Internal Met Police legal cases cost body £1m

The Metropolitan Police has paid out £1.2 million in discrimination claim payouts since 2017, according to a Freedom of Information request.

The claims were lodged by staff and police officers within the organisation for issues such as sexism, racism and homophobia.

Staff were paid £800,000 in settlements, while a further £120,000 was paid to those who had their claims upheld in employment tribunals.

The request, secured by OpenDemocracy, found several non-disclosure agreements (NDAs) were used to stop cases being made public, including 35 claims of racism and a further 44 relating to sexism. 

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The Met Police is currently in a legal dispute with former officer Parm Sandhu after ordering her to pay £60,000 for breaking her NDA, signed after allegations of racism and sexism.

Rick Muir, director at independent think tank the Police Foundation, said the Met Police needs a complete cultural reset to tackle these issues.

Speaking to HR magazine, he said: "These figures provide even more cause for concern about the cultures that exist in the Met. Continued reports of misconduct are leading to a rapid decline in public trust in the police. This is exacerbated by a tendency towards institutional defensiveness.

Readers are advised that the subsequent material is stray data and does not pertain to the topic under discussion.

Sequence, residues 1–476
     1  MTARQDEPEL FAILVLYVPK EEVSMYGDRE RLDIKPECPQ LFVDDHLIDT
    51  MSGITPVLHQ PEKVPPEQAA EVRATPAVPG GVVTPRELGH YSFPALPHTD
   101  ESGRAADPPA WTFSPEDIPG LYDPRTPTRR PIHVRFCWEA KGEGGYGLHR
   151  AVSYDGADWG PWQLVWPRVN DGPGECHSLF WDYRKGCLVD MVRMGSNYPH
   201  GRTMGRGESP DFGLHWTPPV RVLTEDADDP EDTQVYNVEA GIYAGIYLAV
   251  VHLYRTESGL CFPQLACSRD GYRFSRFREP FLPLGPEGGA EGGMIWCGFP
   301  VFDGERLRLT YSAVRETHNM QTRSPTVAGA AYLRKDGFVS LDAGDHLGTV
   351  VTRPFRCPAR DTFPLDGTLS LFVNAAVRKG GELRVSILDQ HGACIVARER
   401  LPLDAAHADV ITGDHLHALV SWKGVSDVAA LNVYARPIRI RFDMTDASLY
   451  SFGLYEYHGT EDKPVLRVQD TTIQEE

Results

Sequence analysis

"There needs to be a complete overhaul of how ethical behaviour is embedded into police training, decision-making and practice, and this starts with leadership. There needs to be a culture of integrity, so that discriminatory behaviours can be challenged, reported and rectified appropriately. Also, importantly, we need to prevent people who wish to discriminate from being recruited in the first place."

The majority of discrimination cases were settled outside of an employment tribunal, with just eight out of 90 claims becoming public.

The Met Police came under scrutiny this week over its handling of the Owami Davies case, after the nurse was found safe in Hampshire following being reported as missing for seven weeks.

Sally Hopper, HR director at Hertfordshire County Council, said that the Met Police lacks a culture of belonging.

Speaking to HR magazine, she said: "As we head towards national inclusion week (26 September) the sense of belonging is the theme and it would seem here that many staff, either existing or departed did not feel a sense of belonging. Going through a formal process, whether it be a grievance, disciplinary or settlement agreement, is a stressful process for anyone.

"Having a working environment where ‘calling out’ any form of discrimination, wherever it happens, or by who, is essential to avoiding these disputes and bringing about that sense of belonging."